Metro Councilwoman Erica Gilmore and several fellow members of the Metro Council Minority Caucus hosted a public information meeting last weekend to present the facts about a proposed baseball stadium and multiple use development downtown. The proposal paves the way for baseball to return to its historic home at Sulphur Dell, the original home of professional baseball in Nashville. Sulphur Dell was home to several minor league teams, most notably the Nashville Vols and the Negro League’s Elite Giants.
“This development is a wonderful catalyst for the north Nashville community,” said Gilmore.
A previous information session had been held mid-week during the day and there were constituents who were unable to attend that session. Saturday’s meeting at a Goodwill Industries meeting room on Herman Street was held so that more citizens could learn more details about the project prior to votes by the Metro Council this month.
“This is the first-ever economic initiative that’s been done in north Nashville,” said Metro Councilman Scott Davis. “During the last 20 or 30 years since General Hospital, everything has been built in north Nashville.”
Rich Reibling, Metro Finance Director explained the details about the proposal and the financing plan for the significant public-private partnership that allows Metro to build and own a new minor-league ballpark at Sulphur Dell, requiring approvals by Metro Council, Nashville Sports Authority, and the State Building Commission.
“This investment north of downtown returns baseball to its historic home in Sulphur Dell and will spur further redevelopment of the Jefferson Street area, and that’s great for our entire city,” Mayor Karl Dean said after the Metro Council approved legislation on second reading on Tuesday, Dec. 3 The “vote moved the project one step closer to reality.”
“Sulphur Dell is a victory for every person who believes in economic justice, economic inclusion, and economic prosperity for all Nashvillians,” says Metro councilman Jerry Maynard.
The Triple-A baseball club the Nashville Sounds would lease the ballpark from Metro under a 30-year lease agreement, beginning with the opening of the ballpark in 2015 and ending in 2045 unless extended by the parties, where the Sounds will pay rent to Metro in the amount of $700,000 per year. The Sounds will operate and manage the ballpark; maintain the parking garage and keep revenue generated during baseball games; and be responsible for ballpark maintenance. Metro will be responsible for major capital expenditures.
The project is a nearly $150 million public-private investment in the Jefferson Street/Germantown area. The proposal includes agreements with the state of Tennessee, the Nashville Sounds and Embrey Development Corp., a leading multi-family developer. A majority of the investment is private, including more than $50 million by the Nashville Sounds for a multi-family/retail development and $37 million by Embrey for a multi-family development.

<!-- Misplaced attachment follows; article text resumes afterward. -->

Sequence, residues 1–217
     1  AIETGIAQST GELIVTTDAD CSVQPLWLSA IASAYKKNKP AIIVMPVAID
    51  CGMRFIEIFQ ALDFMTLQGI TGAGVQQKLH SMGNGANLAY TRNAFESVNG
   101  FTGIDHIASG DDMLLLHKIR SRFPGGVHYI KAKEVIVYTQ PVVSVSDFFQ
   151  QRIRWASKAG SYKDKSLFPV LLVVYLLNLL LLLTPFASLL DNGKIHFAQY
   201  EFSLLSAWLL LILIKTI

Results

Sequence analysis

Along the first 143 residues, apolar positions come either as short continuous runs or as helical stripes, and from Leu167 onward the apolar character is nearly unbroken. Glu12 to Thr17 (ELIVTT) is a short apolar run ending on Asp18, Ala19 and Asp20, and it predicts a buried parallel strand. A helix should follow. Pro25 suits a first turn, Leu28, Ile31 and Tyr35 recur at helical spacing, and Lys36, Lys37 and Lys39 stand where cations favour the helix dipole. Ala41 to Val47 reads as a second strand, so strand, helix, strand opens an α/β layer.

Metro’s participation in the total investment would be $65 million, including $37 million to construct the ballpark, $23 million to the state, $18 million to construct a 1,000-space garage for state employees and Sounds patrons, and $5 million to construct a future underground garage at the proposed new Tennessee State Library and Archives, and $5 million for capitalized interest during construction. The Sports Authority would issue revenue bonds on a 30-year term.
The deal allows the public investment in the ballpark campus to largely pay for itself using five sources of revenue and eliminating some existing budget allocations, specifically, Sounds lease: $700,000; sales tax redirect: $650,000; property tax revenue from Sounds development: $750,000; property tax revenue from Embrey development: $675,000; and existing MDHA Tax-Increment Financing (TIF): $520,000; for a total of $3.295 million. With these budget costs eliminated, Sounds obligation: $250,000 and a lease at Nashville School of the Arts: $410,000, totaling $660,000, the annual net operating impact to Metro budget is projected at $345,000.
There will be no residential displacement under the plan, and it should provide a significant financial impact to the North Nashville area.
“The goal is to get a large amount of minorities and African Americans and women building the stadium,” said Davis, “and provide some jobs for some local folks.”